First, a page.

Despite the many penalties I have undergone for failing to serve the patriarchy, I don't regret my choices most of the time, particularly when I remember that my work has been helpful to many women.  I have received many wonderful accolades over the years, the most gratifying of which comes from feminist law professor, Catharine MacKinnon (1993), which I cannot resist citing here.

"Professor Russell is the recognized academic expert on the empirical study of sexual violence against women in the United States, and a leading authority on this subject throughout the world.  None of the conceptual, factual, political, or legal advances in understanding, documenting, and opposing violence against women in this country, including my own work, would have been possible without her ground-breaking studies and scholarly publications."

Radical Feminist Activism

Although most of my time is spent at my desk, I have also engaged in a variety of feminist actions to combat violence against women.  For example:

I was arrested in London in 1974 for protesting the 20-year sentence handed out by a U.S. court to Inez Garcia for killing one of her rapists.

I was one of the founding members in 1976 of Women Against Violence in Pornography and Media (WAVPM) — the first feminist anti-pornography organization in the United States.

I was arrested and jailed in 1990 for tearing up pornography in a porn store in Bellingham, Washington.

In 1993 I started Women United Against Incest — an action group in Cape Town, South Africa — to try to improve the treatment of incest survivors in that country.

In 1974 I conceived the idea of an "International Tribunal on Crimes against Women" — a global speak-out on all forms of oppression and discrimination against females.  I became a major organizer of this international women-only conference, which took place in Brussels, Belgium, in 1976.  About 2,000 women from all over the world participated in this event, many of them testifying about violence against women.  Referring to the International Tribunal as "a great historic event," Simone de Beauvoir concluded her opening statement with an unforgettable tribute: "I salute this Tribunal as being the start of a radical decolonization of women."  Of all my activities, I feel the greatest sense of accomplishment for my role in this action, not least because I consider myself a rather inept organizer.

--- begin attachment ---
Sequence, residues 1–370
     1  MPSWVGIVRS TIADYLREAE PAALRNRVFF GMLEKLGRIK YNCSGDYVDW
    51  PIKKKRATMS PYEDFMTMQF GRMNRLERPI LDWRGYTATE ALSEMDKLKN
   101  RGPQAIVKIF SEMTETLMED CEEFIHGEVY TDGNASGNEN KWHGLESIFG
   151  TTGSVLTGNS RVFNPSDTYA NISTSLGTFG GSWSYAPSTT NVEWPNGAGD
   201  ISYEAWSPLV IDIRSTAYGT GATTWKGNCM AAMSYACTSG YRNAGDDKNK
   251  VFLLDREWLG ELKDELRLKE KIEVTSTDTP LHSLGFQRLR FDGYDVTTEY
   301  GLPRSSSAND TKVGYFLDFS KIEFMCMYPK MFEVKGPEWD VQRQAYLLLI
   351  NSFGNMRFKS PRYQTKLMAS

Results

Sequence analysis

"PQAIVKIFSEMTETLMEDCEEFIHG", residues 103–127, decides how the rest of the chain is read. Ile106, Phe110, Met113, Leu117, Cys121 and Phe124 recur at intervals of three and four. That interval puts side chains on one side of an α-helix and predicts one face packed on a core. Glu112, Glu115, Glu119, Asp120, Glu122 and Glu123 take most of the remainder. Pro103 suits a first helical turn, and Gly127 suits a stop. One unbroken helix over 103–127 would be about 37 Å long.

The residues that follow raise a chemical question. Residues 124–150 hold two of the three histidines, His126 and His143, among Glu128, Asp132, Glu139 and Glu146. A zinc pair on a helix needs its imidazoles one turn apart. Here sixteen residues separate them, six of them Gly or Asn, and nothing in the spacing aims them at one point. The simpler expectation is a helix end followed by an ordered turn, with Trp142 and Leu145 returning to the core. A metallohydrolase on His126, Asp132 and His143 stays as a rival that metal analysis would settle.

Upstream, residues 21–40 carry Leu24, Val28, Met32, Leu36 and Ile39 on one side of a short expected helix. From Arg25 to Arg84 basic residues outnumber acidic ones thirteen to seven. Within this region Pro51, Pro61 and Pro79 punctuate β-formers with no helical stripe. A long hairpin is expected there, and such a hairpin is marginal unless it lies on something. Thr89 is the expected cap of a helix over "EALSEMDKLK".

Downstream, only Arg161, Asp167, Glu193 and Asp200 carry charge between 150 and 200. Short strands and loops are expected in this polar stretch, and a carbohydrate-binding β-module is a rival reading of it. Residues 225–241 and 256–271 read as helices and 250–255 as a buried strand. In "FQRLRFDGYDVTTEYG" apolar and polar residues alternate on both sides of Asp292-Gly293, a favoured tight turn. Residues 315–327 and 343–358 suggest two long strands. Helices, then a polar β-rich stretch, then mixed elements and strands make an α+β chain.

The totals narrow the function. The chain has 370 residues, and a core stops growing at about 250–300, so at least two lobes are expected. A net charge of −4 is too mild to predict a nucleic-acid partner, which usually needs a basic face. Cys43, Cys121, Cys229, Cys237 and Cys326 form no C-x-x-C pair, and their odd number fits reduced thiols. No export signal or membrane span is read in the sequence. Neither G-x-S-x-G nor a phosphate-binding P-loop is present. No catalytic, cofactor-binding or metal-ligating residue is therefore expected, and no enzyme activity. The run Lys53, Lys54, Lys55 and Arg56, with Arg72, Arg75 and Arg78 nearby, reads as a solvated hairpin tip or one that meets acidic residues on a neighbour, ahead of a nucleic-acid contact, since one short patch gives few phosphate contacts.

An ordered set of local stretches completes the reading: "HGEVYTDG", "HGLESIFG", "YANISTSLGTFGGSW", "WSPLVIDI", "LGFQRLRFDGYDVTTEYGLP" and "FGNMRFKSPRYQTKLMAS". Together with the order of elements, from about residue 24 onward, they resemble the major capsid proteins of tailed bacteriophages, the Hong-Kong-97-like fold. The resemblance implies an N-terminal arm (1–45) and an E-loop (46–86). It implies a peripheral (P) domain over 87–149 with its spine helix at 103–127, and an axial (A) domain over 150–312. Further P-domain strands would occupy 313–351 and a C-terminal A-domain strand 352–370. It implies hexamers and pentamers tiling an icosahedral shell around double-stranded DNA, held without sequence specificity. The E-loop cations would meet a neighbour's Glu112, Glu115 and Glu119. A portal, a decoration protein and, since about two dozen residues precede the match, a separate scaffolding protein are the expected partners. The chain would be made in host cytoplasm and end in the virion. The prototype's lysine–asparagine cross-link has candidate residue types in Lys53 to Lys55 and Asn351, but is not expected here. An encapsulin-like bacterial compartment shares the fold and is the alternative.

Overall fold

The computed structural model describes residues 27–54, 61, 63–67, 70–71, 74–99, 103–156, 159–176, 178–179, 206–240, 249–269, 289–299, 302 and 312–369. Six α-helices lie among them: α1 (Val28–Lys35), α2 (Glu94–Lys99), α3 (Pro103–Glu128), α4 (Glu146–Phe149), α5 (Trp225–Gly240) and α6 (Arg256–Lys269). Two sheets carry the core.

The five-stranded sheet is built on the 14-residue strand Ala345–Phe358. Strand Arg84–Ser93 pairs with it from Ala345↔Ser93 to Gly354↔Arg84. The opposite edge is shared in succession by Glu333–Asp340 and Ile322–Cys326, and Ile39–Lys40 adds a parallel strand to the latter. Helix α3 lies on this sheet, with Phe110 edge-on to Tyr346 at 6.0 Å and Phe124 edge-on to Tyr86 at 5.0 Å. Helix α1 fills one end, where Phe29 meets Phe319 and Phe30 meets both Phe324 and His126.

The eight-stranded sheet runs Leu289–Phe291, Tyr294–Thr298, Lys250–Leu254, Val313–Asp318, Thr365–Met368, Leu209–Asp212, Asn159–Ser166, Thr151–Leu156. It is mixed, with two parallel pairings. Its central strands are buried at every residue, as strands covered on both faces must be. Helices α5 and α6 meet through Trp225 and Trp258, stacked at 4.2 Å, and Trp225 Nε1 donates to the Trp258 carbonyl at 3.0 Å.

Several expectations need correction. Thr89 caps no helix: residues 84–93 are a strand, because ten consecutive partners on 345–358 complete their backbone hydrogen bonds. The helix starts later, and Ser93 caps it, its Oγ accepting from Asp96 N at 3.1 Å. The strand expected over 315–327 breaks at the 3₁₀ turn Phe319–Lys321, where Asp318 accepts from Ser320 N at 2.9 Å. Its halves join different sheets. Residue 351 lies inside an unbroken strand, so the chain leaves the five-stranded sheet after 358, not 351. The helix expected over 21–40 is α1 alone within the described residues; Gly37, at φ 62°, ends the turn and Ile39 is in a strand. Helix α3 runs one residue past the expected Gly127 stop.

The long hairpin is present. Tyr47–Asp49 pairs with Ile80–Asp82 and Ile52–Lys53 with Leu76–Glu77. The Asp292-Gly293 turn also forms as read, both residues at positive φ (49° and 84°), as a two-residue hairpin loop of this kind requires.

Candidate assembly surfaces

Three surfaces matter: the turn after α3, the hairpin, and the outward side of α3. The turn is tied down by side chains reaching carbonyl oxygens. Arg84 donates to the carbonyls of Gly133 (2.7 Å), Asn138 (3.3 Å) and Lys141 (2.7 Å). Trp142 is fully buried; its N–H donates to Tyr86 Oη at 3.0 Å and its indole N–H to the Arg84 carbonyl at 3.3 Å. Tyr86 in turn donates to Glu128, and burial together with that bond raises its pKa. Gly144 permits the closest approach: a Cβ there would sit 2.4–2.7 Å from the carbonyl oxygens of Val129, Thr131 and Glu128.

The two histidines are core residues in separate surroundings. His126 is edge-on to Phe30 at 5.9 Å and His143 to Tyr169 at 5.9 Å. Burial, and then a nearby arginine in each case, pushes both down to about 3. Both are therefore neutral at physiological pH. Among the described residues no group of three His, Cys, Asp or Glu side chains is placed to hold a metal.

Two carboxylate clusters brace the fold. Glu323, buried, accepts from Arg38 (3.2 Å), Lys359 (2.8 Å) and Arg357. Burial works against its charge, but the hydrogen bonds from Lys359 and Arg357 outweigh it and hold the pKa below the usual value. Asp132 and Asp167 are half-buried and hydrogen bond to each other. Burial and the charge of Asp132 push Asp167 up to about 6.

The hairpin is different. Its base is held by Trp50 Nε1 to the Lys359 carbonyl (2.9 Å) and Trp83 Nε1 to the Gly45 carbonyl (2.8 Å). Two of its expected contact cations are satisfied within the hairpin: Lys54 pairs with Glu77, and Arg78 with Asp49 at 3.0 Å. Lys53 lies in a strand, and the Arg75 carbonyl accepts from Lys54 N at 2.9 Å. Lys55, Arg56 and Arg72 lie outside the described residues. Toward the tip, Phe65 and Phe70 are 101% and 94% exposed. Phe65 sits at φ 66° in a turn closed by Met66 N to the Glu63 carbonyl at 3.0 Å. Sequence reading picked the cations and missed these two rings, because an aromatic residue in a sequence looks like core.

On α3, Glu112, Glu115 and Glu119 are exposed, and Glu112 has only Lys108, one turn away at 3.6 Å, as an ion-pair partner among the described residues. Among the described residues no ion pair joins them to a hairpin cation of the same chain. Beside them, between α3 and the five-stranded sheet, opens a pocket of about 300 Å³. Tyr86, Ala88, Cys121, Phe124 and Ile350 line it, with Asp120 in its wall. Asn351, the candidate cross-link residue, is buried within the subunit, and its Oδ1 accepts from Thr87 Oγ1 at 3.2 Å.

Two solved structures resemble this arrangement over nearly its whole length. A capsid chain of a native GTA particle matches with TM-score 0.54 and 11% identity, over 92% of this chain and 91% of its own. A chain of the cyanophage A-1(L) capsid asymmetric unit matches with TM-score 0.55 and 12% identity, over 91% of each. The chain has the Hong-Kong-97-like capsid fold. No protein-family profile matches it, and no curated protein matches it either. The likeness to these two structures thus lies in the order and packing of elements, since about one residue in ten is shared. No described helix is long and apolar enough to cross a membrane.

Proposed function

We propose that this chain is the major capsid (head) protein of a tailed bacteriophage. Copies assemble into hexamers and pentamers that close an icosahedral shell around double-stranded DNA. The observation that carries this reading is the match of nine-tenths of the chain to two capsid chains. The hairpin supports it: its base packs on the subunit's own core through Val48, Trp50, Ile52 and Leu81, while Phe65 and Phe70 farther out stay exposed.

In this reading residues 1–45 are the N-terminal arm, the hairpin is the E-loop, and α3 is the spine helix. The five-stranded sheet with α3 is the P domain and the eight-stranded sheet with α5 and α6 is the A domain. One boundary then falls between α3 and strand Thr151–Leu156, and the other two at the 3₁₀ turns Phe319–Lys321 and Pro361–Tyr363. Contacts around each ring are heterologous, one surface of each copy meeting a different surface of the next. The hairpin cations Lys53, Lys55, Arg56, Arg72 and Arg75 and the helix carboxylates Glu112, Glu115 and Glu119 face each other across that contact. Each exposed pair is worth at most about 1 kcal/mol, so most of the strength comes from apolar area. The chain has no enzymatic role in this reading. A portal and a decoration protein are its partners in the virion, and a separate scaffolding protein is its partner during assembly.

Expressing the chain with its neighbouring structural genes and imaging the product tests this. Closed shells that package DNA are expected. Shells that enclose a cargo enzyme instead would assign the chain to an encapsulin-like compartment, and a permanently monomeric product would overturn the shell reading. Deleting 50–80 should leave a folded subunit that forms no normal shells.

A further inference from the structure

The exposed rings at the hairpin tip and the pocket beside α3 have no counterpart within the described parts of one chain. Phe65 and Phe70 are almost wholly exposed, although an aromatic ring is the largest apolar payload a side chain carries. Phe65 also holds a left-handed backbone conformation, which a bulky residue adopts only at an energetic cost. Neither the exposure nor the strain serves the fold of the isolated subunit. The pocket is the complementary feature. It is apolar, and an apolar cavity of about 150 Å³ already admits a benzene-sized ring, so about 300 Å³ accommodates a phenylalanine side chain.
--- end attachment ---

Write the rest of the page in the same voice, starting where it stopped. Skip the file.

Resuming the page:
A Voice In The Wilderness

I was very surprised to be selected as a foremother of feminist therapy/psychology/mental health because my attempts to communicate about my work to mental health professionals have often been very poorly received.  The interest of many of these women appears to be limited to improving their skills as therapists. 

I certainly believe in the importance of trying to help incest survivors to heal (I will focus here on this form of sexual violence).  I'm a particularly enthusiastic advocate of self-help survivor groups like those developed in Norway that are free, therapist-less, and run according to principles that have been worked out over several years.  However, I get extremely disturbed when therapists ignore the political context of incestuous abuse and other problems that they treat.

Mental health professionals must take responsibility for their shameful history of victim-blaming.  Despite being privileged to learn about sexual abuse directly from the mouths of victims and survivors, most of them remained trapped in the sexist myopia of their victim-blaming predecessors, of whom Sigmund Freud is the most notorious example.  Although many women therapists, particularly feminist therapists, finally learned to see incest victims/survivors in a new way, they learned their new perspective from the feminist movement — not their clients.  It took survivors speaking out about their experiences inside and outside the feminist movement to start to revolutionize our understanding of incestuous abuse.  Women in the mental health profession must learn from this failure, not repeat it.

As long as therapists confine themselves to treating the relative handful of casualties of the patriarchal system who can afford therapy, they will contribute little or nothing to changing the male-dominated family structure and other social institutions that place so many female children at risk of sexual violence.  As long as they work within a narrow psychopathological framework — even though it may be a revised one — they may succeed in enjoying an affluent life-style, but they won't succeed in diminishing the prevalence of incestuous abuse.  

Individualizing sexual victimization depoliticizes it.  It also disempowers survivors by encouraging them to focus on their problems rather than their strengths, and motivating them to seek solutions within themselves.  Many therapists of the family dynamics persuasion even insist on "helping" their clients to see the role they played in becoming victims.  This is victim-blaming in modern dress.